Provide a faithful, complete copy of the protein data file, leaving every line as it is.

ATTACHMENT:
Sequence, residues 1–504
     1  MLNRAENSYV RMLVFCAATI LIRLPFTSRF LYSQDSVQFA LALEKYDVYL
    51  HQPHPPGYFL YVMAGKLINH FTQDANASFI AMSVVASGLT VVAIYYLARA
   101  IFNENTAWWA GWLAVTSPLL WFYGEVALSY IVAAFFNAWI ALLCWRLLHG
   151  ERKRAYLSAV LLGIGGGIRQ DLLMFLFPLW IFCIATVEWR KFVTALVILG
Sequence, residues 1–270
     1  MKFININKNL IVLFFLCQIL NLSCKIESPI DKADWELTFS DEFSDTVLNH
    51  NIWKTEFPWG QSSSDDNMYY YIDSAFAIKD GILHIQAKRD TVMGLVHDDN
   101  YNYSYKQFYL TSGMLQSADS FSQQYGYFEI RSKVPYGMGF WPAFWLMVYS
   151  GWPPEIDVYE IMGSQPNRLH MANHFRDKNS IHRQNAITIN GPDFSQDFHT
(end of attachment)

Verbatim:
Sequence, residues 1–504
     1  MLNRAENSYV RMLVFCAATI LIRLPFTSRF LYSQDSVQFA LALEKYDVYL
    51  HQPHPPGYFL YVMAGKLINH FTQDANASFI AMSVVASGLT VVAIYYLARA
   101  IFNENTAWWA GWLAVTSPLL WFYGEVALSY IVAAFFNAWI ALLCWRLLHG
   151  ERKRAYLSAV LLGIGGGIRQ DLLMFLFPLW IFCIATVEWR KFVTALVILG
Sequence, residues 1–270
     1  MKFININKNL IVLFFLCQIL NLSCKIESPI DKADWELTFS DEFSDTVLNH
    51  NIWKTEFPWG QSSSDDNMYY YIDSAFAIKD GILHIQAKRD TVMGLVHDDN
   101  YNYSYKQFYL TSGMLQSADS FSQQYGYFEI RSKVPYGMGF WPAFWLMVYS
   151  GWPPEIDVYE IMGSQPNRLH MANHFRDKNS IHRQNAITIN GPDFSQDFHT